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Whether, as Epicurus fhows,
The world from juftling feeds arofe,
Which, mingling with prolific strife
In chaos, kindled into life:

So your production was the fame,
And from contending atoms came.
Thy fair indulgent mother crown'd
Thy head with fparkling rubies round:
Beneath thy decent fteps the road
Is all with precious jewels ftrow'd.
The bird of Pallas knows his post,
Thee to attend, where'er thou goest.
Byzantians boaft, that on the clod

Where once their Sultan's horfe hath trod,
Grows neither grafs, nor fhrub, nor tree:
The fame thy fubjects boaft of thee.
The greatest lord, when you appear,
Will deign your livery to wear,
In all the various colours feen

Of red and yellow, blue and green.

With half a word, when you require,
The man of business muft retire.
The haughty minister of state

With trembling muft thy leifure wait;
And, while his fate is in thy hands,
The bufinefs of the nation ftands.

Thou dar'ft the greatest prince attack,
Canft hourly fet him on the rack;
And, as an inftance of thy power,
Inclofe him in a wooden tower,

With pungent pains on every fide:
So Regulus in torments dy’d.

From thee our youth all virtues learn,
Dangers with prudence to difcern ;
And well thy fcholars are endued
With temperance, and with fortitude;
With patience, which all ills fupports;
And fecrefy, the art of courts,

The glittering beau could hardly tell,
Without your aid, to read or spell;
But, having long convers'd with you,
Knows how to write a billet-doux.

With what delight, methinks, I trace
Your blood in every noble race !
In whom thy features, fhape, and mien,
Are to the life distinctly seen!
The Britons, once a favage kind,
By you were brighten'd and refin'd,
Defcendants to the barbarous Huns,
With limbs robuft, and voice that stuns
But you have moulded them afresh,
Remov'd the tough fuperfluous flesh,
Taught them to modulate their tongues,
And fpeak without the help of lungs.
Proteus on you bestow'd the boon
To change your vifage like the moon
You fometimes half a face produce,
Keep t' other half for private ufe.
How fam'd thy conduct in the fight,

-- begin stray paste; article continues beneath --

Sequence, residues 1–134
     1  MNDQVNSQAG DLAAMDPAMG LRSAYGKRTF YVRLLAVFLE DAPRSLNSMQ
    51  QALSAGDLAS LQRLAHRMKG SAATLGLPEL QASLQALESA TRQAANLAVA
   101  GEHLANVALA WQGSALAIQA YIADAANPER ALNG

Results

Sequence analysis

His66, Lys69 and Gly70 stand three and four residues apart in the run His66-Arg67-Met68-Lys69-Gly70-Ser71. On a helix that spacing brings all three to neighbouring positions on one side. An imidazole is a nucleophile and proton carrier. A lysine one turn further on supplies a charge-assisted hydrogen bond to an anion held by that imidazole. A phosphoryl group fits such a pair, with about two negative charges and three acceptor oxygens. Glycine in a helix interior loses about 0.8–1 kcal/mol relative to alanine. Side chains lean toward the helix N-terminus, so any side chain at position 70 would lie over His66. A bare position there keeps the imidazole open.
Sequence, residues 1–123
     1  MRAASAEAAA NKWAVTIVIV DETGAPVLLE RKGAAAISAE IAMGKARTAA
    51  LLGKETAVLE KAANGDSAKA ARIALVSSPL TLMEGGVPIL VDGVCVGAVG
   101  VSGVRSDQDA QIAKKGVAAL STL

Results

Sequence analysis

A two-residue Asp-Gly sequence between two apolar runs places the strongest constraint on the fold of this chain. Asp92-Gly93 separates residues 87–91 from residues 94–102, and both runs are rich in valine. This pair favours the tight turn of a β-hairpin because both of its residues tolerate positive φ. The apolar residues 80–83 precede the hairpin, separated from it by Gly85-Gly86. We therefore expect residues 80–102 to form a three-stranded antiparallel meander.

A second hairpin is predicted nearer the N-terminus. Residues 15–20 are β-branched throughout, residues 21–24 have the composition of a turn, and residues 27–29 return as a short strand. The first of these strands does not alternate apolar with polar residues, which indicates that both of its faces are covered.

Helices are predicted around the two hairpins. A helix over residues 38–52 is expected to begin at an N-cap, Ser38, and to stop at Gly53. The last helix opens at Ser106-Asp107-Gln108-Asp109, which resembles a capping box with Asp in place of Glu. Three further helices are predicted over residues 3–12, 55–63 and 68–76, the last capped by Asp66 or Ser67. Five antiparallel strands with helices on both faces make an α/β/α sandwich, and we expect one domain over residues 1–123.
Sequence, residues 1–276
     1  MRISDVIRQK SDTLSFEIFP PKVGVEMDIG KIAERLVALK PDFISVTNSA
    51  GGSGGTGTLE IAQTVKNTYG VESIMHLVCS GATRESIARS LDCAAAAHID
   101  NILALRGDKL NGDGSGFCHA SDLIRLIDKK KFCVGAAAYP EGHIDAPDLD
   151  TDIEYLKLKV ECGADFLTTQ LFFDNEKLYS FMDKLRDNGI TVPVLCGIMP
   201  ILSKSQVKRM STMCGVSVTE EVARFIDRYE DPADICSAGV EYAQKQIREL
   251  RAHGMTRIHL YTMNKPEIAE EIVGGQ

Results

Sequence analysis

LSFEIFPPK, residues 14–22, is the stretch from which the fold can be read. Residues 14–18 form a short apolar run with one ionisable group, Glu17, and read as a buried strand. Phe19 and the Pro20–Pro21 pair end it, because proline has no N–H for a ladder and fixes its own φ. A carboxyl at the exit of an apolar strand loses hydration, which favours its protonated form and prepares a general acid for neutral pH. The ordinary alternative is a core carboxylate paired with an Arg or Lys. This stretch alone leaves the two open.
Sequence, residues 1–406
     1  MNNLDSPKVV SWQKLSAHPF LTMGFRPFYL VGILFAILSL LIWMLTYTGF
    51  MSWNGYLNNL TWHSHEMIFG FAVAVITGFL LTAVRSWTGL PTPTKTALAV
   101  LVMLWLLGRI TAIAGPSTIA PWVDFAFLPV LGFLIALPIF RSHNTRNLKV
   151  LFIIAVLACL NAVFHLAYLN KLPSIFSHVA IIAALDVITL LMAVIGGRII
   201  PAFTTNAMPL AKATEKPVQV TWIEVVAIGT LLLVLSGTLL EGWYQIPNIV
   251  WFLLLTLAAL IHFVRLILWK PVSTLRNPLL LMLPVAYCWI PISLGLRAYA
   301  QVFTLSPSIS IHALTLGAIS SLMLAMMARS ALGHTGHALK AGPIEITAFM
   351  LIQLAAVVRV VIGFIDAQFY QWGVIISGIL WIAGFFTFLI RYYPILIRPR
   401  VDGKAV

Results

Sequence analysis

With Hermes, fon of Pleias bright!

Out

Out-number'd, half encompafs'd round,
You ftrove for every inch of ground;
Then, by a foldierly retreat,
Retir'd to your imperial feat.

The victor, when your steps he trac❜d,
Found all the realms before him waste :
You, o'er the high triumphal arch
Pontific, made your glorious march;
The wondrous arch behind you fell,
And left a chafm profound as hell:
You, in your capitol fecur'd,
A fiege as long as Troy endur'd.

MARY THE COOK-MAID'S LETTER TO DR. SHERIDAN. 1723.

WELL, if over I faw fuch another man fince my

mother bound my head!

You a gentleman! marry come up! I wonder where you were bred.

I'm fure fuch words do not become a man of your cloth; I would not give fuch language to a dog, faith and troth. Yes, you call'd my mafter a knave: fie, Mr. Sheridan! 'tis a fhame

For a parfon, who should know better things, to come out with fuch a name.

Knave in your teeth, Mr. Sheridan! 'tis both a fhame and a fin;

And the Dean my mafter is an honefter man than you

and all your kin :

He

He has more goodness in his little finger, than you have in your whole body:

My master is a parfonable man, and not a spindle-fhank'd hoddy-doddy.

And now, whereby I find you would fain make an excufe,

Becaufe my mafter one day, in anger, call'd you goofe; Which, and I am fure I have been his fervant four years fince October,

And he never call'd me worse than fweet-heart, drunk or fober :

Not that I know his reverence was ever concern'd to my knowledge,

Though you and your come-rogues keep him out fo late in your college.

You fay you will eat grafs on his grave: a christian eat grafs !

Whereby you now confefs yourself to be a goose or an afs::

But that's as much as to say, that my master should die before ye;

Well, well, that 's as God pleases; and I don't believe that 's a true ftory:

And fo fay I told you fo, and you may go tell my mafter; what care I?

And I don't care who knows it; 'tis all one to Mary. Every body knows that I love to tell truth, and shame the devil;

I am but a poor fervant; but I think gentlefolks fhould

be civil.

Befides,

Besides, you found fault with our victuals one day that you was here;

I remember it was on a Tuesday of all days in the year. And Saunders the man fays you are always jefting and mocking:

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Mary, faid he, (one day as I was mending ny mafter's flocking ;)

My mafter is fo fond of that minifter that keeps the fchool

I thought my

mafter a wife man, but that man' makes him a fool.

Saunders, faid I, I would rather than a quart of ale 'He would come into our kitchen, and I would pin a difh-clout to his tail.

And now I must go, and get Saunders to direct this letten;

For I write but a fad fcrawl; but my fifter Marget, fhe writes better

Well, but I must run and make the bed, before my mafter comes from prayers;

And fee now,

fairs;

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it ftrikes ten, and I hear him coming up,

Whereof I could fay more to your «verfes, if I could write written hand:

And fo I remain, in a civil way, your fervant to com

mand,

MARY.

A NEW

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